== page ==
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Popular Culture in Britain and America, 1950-1975

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Rock and Roll, Counterculture, Peace and Protest


Music, Politics, Fashion, Youth Culture – the period from 1950 to 1975 witnessed dramatic changes in society. There was the onset of Rock & Roll; the introduction of computers and credit cards; the boom of radio and television; and campaigns for black power, civil rights and women’s liberation. All around the world there were challenges to authority.

By focusing on substantial collections of original archival material – manuscript, typescript and ephemera – from key libraries in Britain and America – we provide the primary sources that will enable students and scholars to examine these issues in detail and at first hand:

  • Changing Lifestyles, 1950-1975
  • Youth Culture
  • Student Protests
  • Mai ‘68
  • Popular Culture; TV; Music; Movies
  • Civil Rights; Women’s Liberation; Minority Groups
  • The Space Race
  • Consumerism; Credit Cards; Computers
  • Vietnam War
  • Nuclear Disarmament
Additional content available in Section II has a strong emphasis on popular entertainment, mass media and consumer culture and continues to explore the wide range of political, cultural and social themes introduced in Section I by complementing the collection with materials such as:

  • Original video footage spanning 1950-1975 featuring key personalities from JFK, Elvis Presley and Marilyn Monroe to the Beatles and Rolling Stones.
  • Artist files, record company documents, chart lists, fan magazines, photographs and posters from the Rock and Roll Hall of Fame.
  • Important records on the ‘Troubles’ in Northern Ireland from the National Archives.
  • Press kits for popular feature films (movies) and television from Bowling Green State University.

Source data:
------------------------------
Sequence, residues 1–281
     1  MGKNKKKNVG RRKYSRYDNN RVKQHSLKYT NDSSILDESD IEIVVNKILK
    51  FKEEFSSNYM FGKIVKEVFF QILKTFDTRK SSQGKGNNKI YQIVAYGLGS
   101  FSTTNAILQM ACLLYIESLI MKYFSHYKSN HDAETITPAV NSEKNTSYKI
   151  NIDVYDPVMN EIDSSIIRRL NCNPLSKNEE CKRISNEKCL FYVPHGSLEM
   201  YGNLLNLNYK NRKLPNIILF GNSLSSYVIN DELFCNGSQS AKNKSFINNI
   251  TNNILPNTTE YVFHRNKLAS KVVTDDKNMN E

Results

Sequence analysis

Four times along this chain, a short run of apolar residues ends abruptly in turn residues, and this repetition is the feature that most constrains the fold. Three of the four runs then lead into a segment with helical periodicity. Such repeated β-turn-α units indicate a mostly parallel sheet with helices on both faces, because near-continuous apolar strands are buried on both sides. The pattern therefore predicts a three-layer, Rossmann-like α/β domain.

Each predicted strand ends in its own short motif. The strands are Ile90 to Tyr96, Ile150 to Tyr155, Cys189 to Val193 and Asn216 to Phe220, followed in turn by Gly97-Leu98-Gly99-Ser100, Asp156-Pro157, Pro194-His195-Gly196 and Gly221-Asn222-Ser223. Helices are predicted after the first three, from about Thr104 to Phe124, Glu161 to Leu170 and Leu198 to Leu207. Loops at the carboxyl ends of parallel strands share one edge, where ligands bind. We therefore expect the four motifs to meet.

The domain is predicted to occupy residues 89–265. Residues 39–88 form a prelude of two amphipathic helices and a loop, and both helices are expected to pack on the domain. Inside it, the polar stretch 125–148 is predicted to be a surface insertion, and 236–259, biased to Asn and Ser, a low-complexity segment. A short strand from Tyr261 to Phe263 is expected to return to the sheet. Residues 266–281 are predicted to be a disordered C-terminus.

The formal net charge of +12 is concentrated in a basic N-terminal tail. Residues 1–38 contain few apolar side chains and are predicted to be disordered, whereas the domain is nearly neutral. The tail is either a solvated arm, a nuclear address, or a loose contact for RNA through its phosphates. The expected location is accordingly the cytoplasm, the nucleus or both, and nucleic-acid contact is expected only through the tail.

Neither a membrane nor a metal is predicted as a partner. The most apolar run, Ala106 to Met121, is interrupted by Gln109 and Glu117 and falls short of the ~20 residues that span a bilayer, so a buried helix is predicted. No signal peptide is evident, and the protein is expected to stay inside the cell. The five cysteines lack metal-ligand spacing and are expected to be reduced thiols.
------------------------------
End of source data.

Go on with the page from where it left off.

• Full colour mail order catalogues.
  • Advertising proofs.
  • Further photographic material sourced from the Mirrorpix Archives.
  • Documents from the Labour Party archive charting social change.
  • Complete run of Gandalf’s Garden magazine.
  • Music fanzines and music periodicals.
  • Additional Underground and Alternative Press titles.
  • Women’s and girl’s magazines.
  • Material from Warwick University regarding the Campaign for Nuclear Disarmament and student unrest.
  • Interviews with key figures of the day such as Suzi Quatro, Barry Miles and co-founder of Australian Oz magazine, Richard Neville.

Key Features:

Video Clips: Original video footage on key events and topics of the period: from consumerism, advertising and student demonstrations to the Vietnam war, key political figures (Malcolm X, JFK and Martin Luther King) to celebrities including Elvis and Marilyn Monroe.

We also include a massive, multi-faceted chronology of the period – with embedded articles and images – that helps to contextualise all of the issues discussed.

Comparison to Other Collections: Three key aspects that differentiate Popular Culture in Britain and America, 1950-1975 from all others are:

  • It covers a much broader period from 1950 to 1975
  • It offers international coverage
  • It includes original archival materials that will facilitate in-depth research and project work.
See detailed information for more on this collection.

Popular Culture receives an Honorable Mention